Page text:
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How To Do Marketing in the Days of #socialdistancing

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Let’s cut to the chase: many of us (and by ”us” I mean marketers, communicators, entrepreneurs, business owners) are currently drawing up some entirely new plans for this spring. I know I am. While online services are blooming, many industries from performing artists to local eateries and travel are wondering what to do next.

I took a moment from my busy day of social distancing to compile some ideas for those in need of inspiration – hope you find these helpful!

1. Take it online

If you can, move it online or make it deliverable. If it was an event, can it become a webinar or an online course? If you mainly sell it at a brick and mortar, can you sell it online or deliver it? If it used to be live, can it now be Facebook, Instagram or LinkedIn live and can you ask for donations to keep you covered?

Changing business models overnight can be scary, especially if you are not particularly tech-savvy, but trust me: there are actually easy-to-use, quick-to-set up and low-investment platforms for webinars, online courses, eCommerce and donations out there. And to make it even better,  many solutions come with someone to help you along the way if you prefer.

2. If you can’t sell it, teach it

With many of us with a sudden abundance of free time on our hands, we need something to fill it with. If you used to sell the product, can you instead sell an online course on how to make something similar at home? If you sold muffins maybe you can deliver the ingredients and offer a baking class. The bottom line is: has the changing situation brought up a niche that calls for suddenly learning a new skill you can teach? Monetize it.

Baked_byblair offers some free cake classes but after a few freebies, she could also monetize her baking classes.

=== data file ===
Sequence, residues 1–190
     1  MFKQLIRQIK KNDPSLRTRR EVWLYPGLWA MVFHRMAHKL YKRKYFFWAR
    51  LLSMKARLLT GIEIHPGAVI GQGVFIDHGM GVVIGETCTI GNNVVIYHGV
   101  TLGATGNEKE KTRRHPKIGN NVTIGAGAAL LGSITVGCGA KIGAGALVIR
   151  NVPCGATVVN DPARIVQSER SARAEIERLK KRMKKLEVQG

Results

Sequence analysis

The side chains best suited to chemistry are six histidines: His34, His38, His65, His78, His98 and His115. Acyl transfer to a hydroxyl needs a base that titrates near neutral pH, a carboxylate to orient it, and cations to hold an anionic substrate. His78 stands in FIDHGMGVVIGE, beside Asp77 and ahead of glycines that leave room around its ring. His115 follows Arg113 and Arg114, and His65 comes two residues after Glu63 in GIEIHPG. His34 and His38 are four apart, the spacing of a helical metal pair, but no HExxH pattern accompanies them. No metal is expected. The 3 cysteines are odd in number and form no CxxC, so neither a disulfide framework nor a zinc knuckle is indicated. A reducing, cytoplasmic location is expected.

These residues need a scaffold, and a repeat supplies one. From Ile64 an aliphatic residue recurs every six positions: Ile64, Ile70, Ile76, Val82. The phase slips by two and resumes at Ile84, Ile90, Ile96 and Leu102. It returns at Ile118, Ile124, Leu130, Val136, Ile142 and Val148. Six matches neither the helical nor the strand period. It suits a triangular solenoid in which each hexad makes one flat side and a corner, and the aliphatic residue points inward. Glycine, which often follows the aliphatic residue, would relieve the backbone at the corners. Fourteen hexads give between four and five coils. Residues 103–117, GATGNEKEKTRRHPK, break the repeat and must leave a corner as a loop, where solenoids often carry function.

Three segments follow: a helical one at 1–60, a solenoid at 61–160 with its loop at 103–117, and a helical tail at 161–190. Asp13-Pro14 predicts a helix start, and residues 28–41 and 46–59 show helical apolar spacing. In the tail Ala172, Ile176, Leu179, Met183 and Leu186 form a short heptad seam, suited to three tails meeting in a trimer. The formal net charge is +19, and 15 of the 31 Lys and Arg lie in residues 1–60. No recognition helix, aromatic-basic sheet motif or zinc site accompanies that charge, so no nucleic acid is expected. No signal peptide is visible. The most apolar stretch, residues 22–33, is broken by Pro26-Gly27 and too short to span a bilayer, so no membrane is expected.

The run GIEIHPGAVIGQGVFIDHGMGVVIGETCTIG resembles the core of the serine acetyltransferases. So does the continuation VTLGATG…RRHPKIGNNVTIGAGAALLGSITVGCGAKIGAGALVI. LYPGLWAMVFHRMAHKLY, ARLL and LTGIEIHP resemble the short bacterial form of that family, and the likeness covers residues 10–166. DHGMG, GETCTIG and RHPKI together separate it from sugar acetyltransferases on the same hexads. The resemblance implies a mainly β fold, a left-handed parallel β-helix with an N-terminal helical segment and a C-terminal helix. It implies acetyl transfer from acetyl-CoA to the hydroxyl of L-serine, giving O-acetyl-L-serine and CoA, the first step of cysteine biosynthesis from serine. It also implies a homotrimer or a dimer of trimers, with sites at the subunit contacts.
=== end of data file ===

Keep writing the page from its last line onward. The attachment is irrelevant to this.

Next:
This is also the time to share your best content, guides and webinar recordings and give your best helpful tips to your potential customers. (Psst, we have lots of great guides here.)

3. Gang up

There is strength in numbers. An individual local supplier may not sustain a blow as well as a group of providers. Get together with others and share the cost and the journey. Take advantage of the different knowledge and capabilities you bring to the table, be it e-commerce, new supply chain options or partnerships. If you are not yet a member, find peer groups online: everyone else is likely wondering about the same things as you are, too.

If you know your product or service strikes a chord or already has a following, maybe you could also consider giving crowdfunding a try?

4. Remind your customers of their importance

This is truly the time to #supportyourlocal, or there may be nowhere to lunch when you come back. Remind your customers that you need them to be there for you now so that you can be there for them for years to come. There are many ways to do this:

  • Send an email
  • Send an SMS
  • Send a push notification via an app
  • Reach out in the social media channel that works for you

Ask for support, then reward for loyalty. Use your networks and the power of social sharing. If everyone from the office building close by used to come for lunch, would they maybe also like to group order home or buy in bulk to feed their suddenly home-schooling kids to keep you going?